Speaking of what’s broken…

#1: Mickey Guyton, “Black Like Me” (10/10)

If there’s one thing that many white Americans have come to realize over the last twelve months, it’s that we haven’t come nearly as far as we thought when it comes to racial inequality. The experience of being Black in this country is a perspective that’s never seen in a white-majority genre like country music (even artists like Charley Pride or Darius Rucker rarely, if ever, touched upon the topic in their songs). Guyton aimed to change that with this track, and while she’s still subject to the same constraints we mentioned on “Heaven Down Here” (she just can’t release her frustration like Church did above, lest she get hit with the “angry Black woman” label), she simply pairs the hard truth with her powerful, authoritative voice to get her point across, and she makes listeners sit up and pay attention as a result. Her outstanding performance transcended even those societal constraints to connect with the audience and make one simple point: Consider the perspective of people who aren’t like you in your daily interactions and decisions. While the concept may be radical to a genre as whitewashed as this one, it’s an important idea that we all need to hear. (The production does its part by helping drive home the song’s point without getting in its wayin fact, it’s eerily reminiscent of Chris Janson’s “Drunk Girl”: Primarily piano-driven, some steel guitar sprinkled on top, and some more-prominent percussion, all working to underscore the importance of the message.)

Where Church asked people to “stick that in your country song,” Guyton actually did it, and that’s what makes “Black Like Me” the #1 country single of 2020.

Image from the Associated Press

If there’s one takeaway I hope we all get from 2020, it’s this: We’re all in this together, so we’d better start caring about one another and work towards making life better for everyone. Country music can play a major role in this simply by following the advice of artists like Mickey Guyton or Eric Church: As the Statue of Liberty might say, tell the story of “your tired, your poor, your huddled masses yearning to breathe free.” Enough with all this nihilistic, alcohol-fueled ignorancelet’s stop turning away from the problems of the world, and instead give these stories of suffering a platform, allowing the audience to share this pain and find ways to alleviate it. If we can develop a vaccine to stop a global pandemic, we can resolve to do better by those that society has long ignored, and take concrete steps to lift these people up and become the better nation we like to believe America is. If we do this, we’ll have both a better genre and a better world as a result.

Happy holidays, everyone. If 2020 was the worst year ever, let’s make a New Year’s resolution to make 2021 the best it can be.

Kyle’s Top 10 WORST Country Singles of 2020

Country songs fall all over the quality spectrum, but only a chosen few can earn the dubious distinction of sitting at the bottom of the barrel. Through a special combination of poor production, subpar songwriting, and vacuous vocals, the songs presented below are the sorts of headache-inducing tracks that move listeners to plug their ears, turn their dials, or just run screaming from the room.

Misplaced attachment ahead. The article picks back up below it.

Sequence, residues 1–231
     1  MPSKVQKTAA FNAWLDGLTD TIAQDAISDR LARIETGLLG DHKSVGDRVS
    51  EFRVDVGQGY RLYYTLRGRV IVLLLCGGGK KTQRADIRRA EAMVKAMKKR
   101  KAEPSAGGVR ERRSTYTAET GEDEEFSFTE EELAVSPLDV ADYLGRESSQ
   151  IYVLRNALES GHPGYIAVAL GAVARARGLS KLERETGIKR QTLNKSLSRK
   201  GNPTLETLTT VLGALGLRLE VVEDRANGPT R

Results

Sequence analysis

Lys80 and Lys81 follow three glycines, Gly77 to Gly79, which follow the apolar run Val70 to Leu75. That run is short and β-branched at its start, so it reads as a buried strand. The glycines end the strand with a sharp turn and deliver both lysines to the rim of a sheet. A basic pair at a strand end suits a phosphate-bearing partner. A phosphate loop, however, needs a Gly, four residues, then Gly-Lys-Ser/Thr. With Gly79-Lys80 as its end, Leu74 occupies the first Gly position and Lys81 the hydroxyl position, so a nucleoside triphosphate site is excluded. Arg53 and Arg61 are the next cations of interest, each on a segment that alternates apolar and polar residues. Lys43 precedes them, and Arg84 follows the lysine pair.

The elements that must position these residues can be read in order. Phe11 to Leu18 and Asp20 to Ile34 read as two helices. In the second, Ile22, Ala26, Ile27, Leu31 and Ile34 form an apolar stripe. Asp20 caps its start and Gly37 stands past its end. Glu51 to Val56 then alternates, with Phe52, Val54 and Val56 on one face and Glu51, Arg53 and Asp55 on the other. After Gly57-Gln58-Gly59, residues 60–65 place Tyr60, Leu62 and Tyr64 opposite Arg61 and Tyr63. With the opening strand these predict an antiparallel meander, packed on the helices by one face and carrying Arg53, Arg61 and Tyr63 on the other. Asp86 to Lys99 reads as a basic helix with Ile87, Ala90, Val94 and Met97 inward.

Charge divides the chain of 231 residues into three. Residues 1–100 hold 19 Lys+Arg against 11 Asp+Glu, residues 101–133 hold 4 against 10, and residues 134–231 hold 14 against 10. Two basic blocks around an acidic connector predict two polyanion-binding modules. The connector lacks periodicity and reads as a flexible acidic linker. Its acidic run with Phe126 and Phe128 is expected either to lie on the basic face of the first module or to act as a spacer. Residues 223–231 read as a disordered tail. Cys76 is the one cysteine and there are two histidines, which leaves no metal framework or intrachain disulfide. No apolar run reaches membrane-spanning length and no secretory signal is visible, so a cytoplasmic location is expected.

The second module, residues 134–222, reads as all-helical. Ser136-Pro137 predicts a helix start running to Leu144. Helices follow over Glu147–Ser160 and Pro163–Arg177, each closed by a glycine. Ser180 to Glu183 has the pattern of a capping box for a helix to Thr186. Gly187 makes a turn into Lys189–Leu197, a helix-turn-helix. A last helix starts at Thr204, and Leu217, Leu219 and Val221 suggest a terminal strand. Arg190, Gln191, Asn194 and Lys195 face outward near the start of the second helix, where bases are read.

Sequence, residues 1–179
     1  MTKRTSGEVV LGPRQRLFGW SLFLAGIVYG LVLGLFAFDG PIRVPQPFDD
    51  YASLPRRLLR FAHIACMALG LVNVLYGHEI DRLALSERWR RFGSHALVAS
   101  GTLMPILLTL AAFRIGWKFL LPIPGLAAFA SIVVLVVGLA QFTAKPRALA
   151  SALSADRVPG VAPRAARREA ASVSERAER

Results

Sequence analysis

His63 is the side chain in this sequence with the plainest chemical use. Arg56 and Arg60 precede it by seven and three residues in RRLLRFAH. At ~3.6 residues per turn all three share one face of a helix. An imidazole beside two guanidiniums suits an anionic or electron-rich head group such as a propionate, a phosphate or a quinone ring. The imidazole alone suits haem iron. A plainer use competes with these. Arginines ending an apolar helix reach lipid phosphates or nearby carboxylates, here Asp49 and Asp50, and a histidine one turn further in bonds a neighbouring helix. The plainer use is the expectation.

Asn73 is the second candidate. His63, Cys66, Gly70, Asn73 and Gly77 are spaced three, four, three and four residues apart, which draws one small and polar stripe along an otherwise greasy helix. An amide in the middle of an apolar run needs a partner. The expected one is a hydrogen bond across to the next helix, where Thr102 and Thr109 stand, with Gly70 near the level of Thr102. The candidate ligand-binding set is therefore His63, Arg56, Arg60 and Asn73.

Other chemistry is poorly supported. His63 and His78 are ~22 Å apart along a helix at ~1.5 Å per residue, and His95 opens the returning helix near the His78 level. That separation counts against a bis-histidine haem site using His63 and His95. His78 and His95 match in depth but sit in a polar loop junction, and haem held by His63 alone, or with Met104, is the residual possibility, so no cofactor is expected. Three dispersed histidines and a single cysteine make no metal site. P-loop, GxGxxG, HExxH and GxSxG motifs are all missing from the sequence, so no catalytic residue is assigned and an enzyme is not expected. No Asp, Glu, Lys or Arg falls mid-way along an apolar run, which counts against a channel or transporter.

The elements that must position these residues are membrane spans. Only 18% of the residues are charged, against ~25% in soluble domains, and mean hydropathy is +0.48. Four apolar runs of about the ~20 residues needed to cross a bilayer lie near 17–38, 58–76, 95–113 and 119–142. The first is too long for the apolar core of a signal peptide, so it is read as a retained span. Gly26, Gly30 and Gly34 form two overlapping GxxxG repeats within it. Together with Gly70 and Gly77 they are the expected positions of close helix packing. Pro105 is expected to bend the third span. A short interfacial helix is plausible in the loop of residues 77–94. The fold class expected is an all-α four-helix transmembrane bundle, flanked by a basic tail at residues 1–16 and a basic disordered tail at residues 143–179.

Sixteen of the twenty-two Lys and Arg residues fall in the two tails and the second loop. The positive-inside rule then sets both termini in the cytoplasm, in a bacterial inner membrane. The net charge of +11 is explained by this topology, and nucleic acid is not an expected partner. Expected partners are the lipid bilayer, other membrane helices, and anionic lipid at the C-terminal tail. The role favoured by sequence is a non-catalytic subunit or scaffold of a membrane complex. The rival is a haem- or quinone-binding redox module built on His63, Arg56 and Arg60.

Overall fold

Just as with my mid-year list, these songs will be presented without comment because a) I’m lazy (so much so that I copy-pasted all this opening text from last year, which itself was copy-pasted from 2018), and b) I’ve wasted enough words on this junk already in my prior reviews. Let’s get this over with quickly, shall we?

Last Year’s “Winner”: HARDY, “REDNECKER” (2/10)

“One Beer” was a slight improvement from this garbage heap, but was it enough to keep Mr. Hardy off of the list? (Spoiler alert: I already spoiled that on Monday.) The envelope, if you please…

Dishonorable Mentions:

Artist, Song Final Rating
#15 Dustin Lynch, “Momma’s House” 4/10
#14 Morgan Wallen, “More Than My Hometown” 4/10
#13 Adam Doleac, “Famous” 4/10
#12 Tyler Farr, “Only Truck In Town” 4/10
#11 Niko Moon, “GOOD TIME” 4/10

#10: Parker McCollum, “Pretty Heart” (final score: 4/10)

#9: Chase Rice ft. Florida Georgia Line, “Drinkin’ Beer. Talkin’ God. Amen.” (4/10)

#8: Lee Brice, “One Of Them Girls” (4/10)

#7: Tucker Beathard, “You Would Think” (3/10)

#6: Florida Georgia Line, “Long Live” (3/10)

#5: Chris Young & Kane Brown, “Famous Friends” (3/10)

#4: Travis Denning, “Where That Beer’s Been” (3/10)

#3: Florida Georgia Line, “I Love My Country” (2/10)

I get one act that puts two songs in the bottom ten every year, but FGL decided to one-up the field by putting 2.5 tracks here, courtesy of their feature on Rice’s awful single. Congrats guys, you’re this year’s recipient of the Dustin Lynch Memorial Anti-Excellence Award. Maybe that’ll make up for losing yet another Best Duo award at the CMAs.

#2: Robert Counts, “What Do I Know” (2/10)

#1: Little Big Town, “Wine, Beer, Whiskey” (2/10)

I’ve called Little Big Town “the ultimate boom-or-bust group” several times on the blog, but even I didn’t expect them to bust this badly. On behalf of country listeners around the globe, I humbly ask LBT, FGL, and everyone else on this list to make better single choices in the future.

Looking back at my worst-of-2019 list, I closed that post with the following ominous line:

I have a sinking feeling that 2020 is going to be bad enough without bad songs like these clogging up the airwaves…

Poor innocent 2019 Kyle had no idea how right he was going to be, so 2020 Kyle will instead say this: I have a feeling that 2021 is going to be a better year, if only because there’s (almost) no possible way that it could be any worse than this one. 2021, please don’t make me eat those words.

Kyle’s Official 2020 Country Single Rankings